George Arliss (born Augustus George Andrews, 10 April 1868 – 5 February 1946) was an English actor, author, playwright, and filmmaker who found success in the United States. He was the first British actor to win an Academy Award – which he won for his performance as Victorian-era British prime minister Benjamin Disraeli in Disraeli (1929), as well as the earliest-born actor to win the honour.
Bernard Herrmann (born Maximillian Herman; June 29, 1911 – December 24, 1975) was an American composer and conductor best known for his work in composing for films. As a conductor, he championed the music of lesser-known composers. He is widely regarded as one of the greatest film composers.
Walter Mortimer Mirisch (born November 8, 1921) is an American film producer. He is president and executive head of production of The Mirisch Corporation, an independent film production company, which he formed in 1957 with his brothers, Marvin and Harold. He won the Academy Award for Best Picture as producer of In the Heat of the Night (1967).
Herman Jacob Mankiewicz (November 7, 1897 – March 5, 1953) was an American screenwriter who, with Orson Welles, wrote the screenplay for Citizen Kane (1941). Earlier, he was the Berlin correspondent for the Chicago Tribune and the drama critic for The New York Times and the first regular drama critic at The New Yorker. Alexander Woollcott said that Herman Mankiewicz was the "funniest man in New York". Both Mankiewicz and Welles received Academy Awards for their screenplay.
Gary Leonard Oldman (born 21 March 1958) is an English actor and filmmaker. Regarded as one of the greatest actors of his generation, he is known for his versatility and intense acting style. He has received several accolades, including an Academy Award, a Golden Globe Award and three British Academy Film Awards. His films have grossed over $11 billion worldwide, making him one of the highest-grossing actors to date.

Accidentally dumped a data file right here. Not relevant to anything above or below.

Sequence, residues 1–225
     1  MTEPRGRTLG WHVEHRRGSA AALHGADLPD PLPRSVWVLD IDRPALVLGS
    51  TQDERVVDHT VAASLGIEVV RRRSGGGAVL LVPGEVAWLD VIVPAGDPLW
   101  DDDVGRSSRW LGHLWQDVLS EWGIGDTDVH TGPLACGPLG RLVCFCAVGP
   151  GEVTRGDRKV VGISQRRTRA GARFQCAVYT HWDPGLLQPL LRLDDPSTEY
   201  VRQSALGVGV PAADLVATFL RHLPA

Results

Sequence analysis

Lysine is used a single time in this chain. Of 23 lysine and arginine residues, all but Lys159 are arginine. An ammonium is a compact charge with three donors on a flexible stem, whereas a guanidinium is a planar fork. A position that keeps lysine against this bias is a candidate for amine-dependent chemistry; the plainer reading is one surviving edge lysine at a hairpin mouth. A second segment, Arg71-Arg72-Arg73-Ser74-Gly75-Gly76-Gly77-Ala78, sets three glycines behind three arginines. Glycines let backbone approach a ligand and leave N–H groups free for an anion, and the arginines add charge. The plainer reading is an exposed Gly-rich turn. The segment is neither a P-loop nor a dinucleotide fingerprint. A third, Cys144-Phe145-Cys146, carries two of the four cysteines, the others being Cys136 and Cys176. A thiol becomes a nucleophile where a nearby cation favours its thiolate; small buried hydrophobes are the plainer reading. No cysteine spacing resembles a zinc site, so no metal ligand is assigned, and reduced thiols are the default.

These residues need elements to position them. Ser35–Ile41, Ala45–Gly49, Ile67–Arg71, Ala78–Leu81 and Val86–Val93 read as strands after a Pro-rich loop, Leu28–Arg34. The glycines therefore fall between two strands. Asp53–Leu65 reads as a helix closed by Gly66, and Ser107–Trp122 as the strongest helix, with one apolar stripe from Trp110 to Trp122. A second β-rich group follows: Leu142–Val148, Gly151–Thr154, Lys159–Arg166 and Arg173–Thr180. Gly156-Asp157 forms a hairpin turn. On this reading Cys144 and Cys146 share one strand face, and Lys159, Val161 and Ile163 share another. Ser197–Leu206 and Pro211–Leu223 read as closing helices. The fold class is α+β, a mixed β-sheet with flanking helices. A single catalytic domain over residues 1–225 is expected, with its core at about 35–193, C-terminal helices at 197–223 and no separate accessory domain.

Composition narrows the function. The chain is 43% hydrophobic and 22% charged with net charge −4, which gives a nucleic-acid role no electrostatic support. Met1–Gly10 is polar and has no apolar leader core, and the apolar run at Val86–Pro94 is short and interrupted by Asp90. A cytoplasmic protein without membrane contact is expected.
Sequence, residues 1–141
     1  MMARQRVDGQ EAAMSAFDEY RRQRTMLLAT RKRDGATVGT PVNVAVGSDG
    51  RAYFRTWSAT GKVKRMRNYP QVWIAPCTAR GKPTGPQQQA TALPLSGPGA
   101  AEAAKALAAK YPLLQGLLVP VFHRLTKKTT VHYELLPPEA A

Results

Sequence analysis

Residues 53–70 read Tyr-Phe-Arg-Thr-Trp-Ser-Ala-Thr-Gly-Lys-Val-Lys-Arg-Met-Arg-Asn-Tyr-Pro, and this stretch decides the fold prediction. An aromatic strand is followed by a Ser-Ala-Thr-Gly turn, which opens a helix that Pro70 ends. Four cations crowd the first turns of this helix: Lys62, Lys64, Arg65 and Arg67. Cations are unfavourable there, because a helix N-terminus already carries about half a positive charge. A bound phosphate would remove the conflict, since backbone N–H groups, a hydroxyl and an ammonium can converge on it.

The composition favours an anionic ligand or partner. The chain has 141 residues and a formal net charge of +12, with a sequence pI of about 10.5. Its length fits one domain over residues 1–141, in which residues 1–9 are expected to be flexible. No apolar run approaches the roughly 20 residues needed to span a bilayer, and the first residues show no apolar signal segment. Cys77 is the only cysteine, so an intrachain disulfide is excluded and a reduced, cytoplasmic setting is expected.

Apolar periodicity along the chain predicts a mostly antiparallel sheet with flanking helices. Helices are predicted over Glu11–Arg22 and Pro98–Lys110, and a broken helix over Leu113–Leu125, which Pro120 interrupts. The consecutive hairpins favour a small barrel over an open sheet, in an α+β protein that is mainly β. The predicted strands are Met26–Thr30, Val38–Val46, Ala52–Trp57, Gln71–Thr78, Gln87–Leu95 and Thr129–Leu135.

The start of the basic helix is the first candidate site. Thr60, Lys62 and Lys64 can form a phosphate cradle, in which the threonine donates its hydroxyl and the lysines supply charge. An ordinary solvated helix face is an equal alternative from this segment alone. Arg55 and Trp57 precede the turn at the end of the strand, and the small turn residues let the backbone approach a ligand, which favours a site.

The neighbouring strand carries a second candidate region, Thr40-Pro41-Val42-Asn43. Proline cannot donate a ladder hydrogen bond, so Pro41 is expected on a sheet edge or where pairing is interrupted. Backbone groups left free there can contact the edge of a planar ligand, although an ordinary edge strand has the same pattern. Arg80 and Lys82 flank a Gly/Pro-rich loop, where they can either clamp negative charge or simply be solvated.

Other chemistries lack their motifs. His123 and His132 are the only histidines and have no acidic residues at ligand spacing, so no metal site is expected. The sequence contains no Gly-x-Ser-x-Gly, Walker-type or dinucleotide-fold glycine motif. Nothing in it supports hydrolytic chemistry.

Walter Elias Disney (December 5, 1901 – December 15, 1966) was an American entrepreneur, animator, writer, voice actor and film producer. A pioneer of the American animation industry, he introduced several developments in the production of cartoons. As a film producer, Disney holds the record for most Academy Awards earned by an individual, having won 22 Oscars from 59 nominations. He was presented with two Golden Globe Special Achievement Awards and an Emmy Award, among other honors. Several of his films are included in the National Film Registry by the Library of Congress.
William Samuel Cook "Peter" Ellenshaw (May 24, 1913 – February 12, 2007) was an English matte designer and special effects creator who worked on many Disney features. Born in London, he moved to America in 1953.
The Academy Awards, popularly known as the Oscars, are awards for artistic and technical merit in the film industry. Given annually by the Academy of Motion Picture Arts and Sciences (AMPAS), the awards are an international recognition of excellence in cinematic achievements, as assessed by the Academy's voting membership. The various category winners are awarded a copy of a golden statuette, officially called the "Academy Award of Merit", although more commonly referred to by its nickname, the "Oscar". The statuette depicts a knight rendered in the Art Deco style.